Friday, August 9, 2013

A Visit to the Museum of the Moving Image

Back in 2011, I went on a field trip while attending the Delaware College of Art and Design.  This field trip was to Astoria in Queens, over in New York City, to see the Museum of the Moving Image.  The museum covers anything that has to do with moving art, from installation pieces to the movies.  The latter was what brought us there.  On view was an ongoing exhibit called Behind the Screen which covered motion pictures in all aspects of it's history, from zoetropes to television.  Needless to say, I had my trusty camera on hand and took plenty of pictures from the spectacular exhibit:


Above are Technicolor (left) and Mitchell (right) cameras.  The Mitchell had the film running horizontally past the aperture, since it was used to shoot films in "Vista Vision", this gave a bit more detail to images.  Hitchcock used this for many of his films later in his career.  The Technicolor camera used three separate strips of color film, exposed simultaneously using a prism to get images with unbridled hues.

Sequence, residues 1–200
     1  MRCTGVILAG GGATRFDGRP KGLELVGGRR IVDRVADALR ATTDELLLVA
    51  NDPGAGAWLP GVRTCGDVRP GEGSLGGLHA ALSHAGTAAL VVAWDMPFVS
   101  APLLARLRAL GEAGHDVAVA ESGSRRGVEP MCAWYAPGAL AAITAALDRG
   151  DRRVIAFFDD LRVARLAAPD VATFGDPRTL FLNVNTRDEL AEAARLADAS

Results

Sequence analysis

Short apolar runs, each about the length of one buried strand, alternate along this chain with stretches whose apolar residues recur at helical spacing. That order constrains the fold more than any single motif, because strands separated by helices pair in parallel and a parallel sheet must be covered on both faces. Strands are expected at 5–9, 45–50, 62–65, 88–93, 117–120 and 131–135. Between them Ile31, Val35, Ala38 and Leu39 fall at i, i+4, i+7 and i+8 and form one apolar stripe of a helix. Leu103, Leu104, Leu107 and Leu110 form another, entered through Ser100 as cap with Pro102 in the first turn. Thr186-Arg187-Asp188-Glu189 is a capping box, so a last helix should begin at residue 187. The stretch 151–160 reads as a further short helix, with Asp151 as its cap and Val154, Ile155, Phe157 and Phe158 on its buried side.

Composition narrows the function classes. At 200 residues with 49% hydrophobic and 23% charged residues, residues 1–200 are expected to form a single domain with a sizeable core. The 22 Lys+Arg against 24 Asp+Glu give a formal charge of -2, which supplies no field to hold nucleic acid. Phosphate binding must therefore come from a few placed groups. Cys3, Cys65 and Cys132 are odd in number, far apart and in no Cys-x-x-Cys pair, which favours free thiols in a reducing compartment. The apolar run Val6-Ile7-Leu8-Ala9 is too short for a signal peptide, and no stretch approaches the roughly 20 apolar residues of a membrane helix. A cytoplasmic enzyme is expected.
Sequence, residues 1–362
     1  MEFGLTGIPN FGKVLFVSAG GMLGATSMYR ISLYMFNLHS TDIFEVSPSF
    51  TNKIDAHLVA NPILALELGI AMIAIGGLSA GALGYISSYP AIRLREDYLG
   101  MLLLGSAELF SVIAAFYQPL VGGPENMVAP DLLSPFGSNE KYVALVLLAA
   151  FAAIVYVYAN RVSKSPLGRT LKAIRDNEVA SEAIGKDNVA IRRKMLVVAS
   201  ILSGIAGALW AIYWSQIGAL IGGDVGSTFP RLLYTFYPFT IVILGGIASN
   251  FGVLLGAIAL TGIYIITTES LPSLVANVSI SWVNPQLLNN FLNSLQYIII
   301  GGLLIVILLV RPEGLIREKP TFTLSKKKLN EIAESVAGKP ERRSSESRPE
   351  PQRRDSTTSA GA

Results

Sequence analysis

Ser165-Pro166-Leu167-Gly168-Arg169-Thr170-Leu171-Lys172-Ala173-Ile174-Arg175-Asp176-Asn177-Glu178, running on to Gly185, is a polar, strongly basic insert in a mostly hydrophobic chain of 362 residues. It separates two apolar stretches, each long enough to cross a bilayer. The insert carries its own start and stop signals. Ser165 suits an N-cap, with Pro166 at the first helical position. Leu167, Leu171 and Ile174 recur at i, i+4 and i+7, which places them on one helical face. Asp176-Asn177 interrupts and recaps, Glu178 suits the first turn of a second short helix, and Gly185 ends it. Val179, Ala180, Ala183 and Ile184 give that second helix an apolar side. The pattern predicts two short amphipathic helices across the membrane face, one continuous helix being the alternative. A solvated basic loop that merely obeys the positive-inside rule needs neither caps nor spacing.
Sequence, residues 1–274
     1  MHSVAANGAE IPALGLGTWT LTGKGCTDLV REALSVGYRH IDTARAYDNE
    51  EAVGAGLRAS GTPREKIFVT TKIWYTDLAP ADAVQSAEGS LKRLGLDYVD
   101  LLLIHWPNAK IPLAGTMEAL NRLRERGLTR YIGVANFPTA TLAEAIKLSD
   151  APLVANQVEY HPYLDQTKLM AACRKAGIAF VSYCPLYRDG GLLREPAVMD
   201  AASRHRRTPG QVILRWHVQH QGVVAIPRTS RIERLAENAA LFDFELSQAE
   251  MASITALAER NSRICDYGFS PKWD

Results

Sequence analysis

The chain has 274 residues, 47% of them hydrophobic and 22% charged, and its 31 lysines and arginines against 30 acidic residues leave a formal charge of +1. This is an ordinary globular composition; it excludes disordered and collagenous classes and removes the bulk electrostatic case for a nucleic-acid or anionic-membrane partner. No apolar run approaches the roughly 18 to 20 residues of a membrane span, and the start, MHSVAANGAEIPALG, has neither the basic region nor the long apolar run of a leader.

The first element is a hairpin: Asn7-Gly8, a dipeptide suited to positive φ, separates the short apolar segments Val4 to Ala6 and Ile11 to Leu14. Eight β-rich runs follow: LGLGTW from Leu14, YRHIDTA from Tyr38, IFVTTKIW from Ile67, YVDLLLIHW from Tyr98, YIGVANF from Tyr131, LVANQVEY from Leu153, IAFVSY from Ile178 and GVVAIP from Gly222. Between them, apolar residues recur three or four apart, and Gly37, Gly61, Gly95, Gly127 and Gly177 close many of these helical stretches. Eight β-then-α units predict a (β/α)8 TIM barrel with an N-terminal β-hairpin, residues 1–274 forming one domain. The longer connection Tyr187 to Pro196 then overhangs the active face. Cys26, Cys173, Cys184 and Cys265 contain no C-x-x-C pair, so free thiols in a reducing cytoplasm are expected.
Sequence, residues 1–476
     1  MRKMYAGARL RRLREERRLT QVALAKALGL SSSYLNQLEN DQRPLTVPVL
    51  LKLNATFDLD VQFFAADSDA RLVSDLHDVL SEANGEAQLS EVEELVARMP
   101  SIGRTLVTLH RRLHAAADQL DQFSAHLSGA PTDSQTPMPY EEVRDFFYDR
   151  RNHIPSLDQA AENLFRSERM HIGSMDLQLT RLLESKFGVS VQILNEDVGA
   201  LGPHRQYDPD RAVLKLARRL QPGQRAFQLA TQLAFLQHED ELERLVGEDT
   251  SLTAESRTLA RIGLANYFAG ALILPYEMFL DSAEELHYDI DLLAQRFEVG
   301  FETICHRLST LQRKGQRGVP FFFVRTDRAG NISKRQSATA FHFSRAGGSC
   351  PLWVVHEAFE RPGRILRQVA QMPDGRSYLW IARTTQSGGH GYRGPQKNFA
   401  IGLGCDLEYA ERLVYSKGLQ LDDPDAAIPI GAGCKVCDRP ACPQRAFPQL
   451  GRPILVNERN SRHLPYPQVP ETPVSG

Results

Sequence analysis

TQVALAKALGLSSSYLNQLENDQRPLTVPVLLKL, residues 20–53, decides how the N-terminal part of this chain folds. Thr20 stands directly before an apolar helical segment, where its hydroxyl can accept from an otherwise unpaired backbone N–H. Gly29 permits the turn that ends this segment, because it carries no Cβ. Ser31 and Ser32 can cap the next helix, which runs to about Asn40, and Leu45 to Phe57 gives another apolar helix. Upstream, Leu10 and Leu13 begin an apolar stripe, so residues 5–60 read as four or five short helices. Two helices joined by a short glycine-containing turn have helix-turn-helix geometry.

The Innards of the Technicolor camera.  (The red and yellow strips are visible)

This is an Arriflex 35mm camera, which was the camera of choice for Stanley Kubrick for many years.  

An exciting feature at the exhibit was this section of the model of the Tyrell Pyramid from Blade Runner (1982).
 It was used for close ups of the pyramid.
 The landing platform where the Spinners landed.  
The windows here were achieved by placing the detail over the transparent frame, painting over everything and then the paint would be scraped away in certain areas to allow light to shine through.

Original Ape makeup for 2001: A Space Odyssey (1968)

 There was also a surprising amount of Star Trek merchandise there, including these very rare figures and plush dolls from Star Trek: The Motion Picture (1979)

There was also some very cool publicity materials, here from the poster for Bwana Devil (1952), one of the first 3D movies and a publicity book for The Red Shoes (1948).



And then, I came upon an added surprise:

 There were vintage arcade games!  The above game, Space War was seen in Soylent Green (1973), though not that specific cabinet.  There was also Asteroids, Donkey Kong and Tron!

Darn.

The museum itself has a very cool, modern design to it.  I highly recommend a visit there as there's much more to it than I could cover in this article.  They host regular film screenings there as well as other film related events.  Their website can be found here.  Fans of Breaking Bad should take note, also, that an exhibit covering the show is taking place there now until October 27th.  It's your last chance to see Walter White's underwear up close and personal!  


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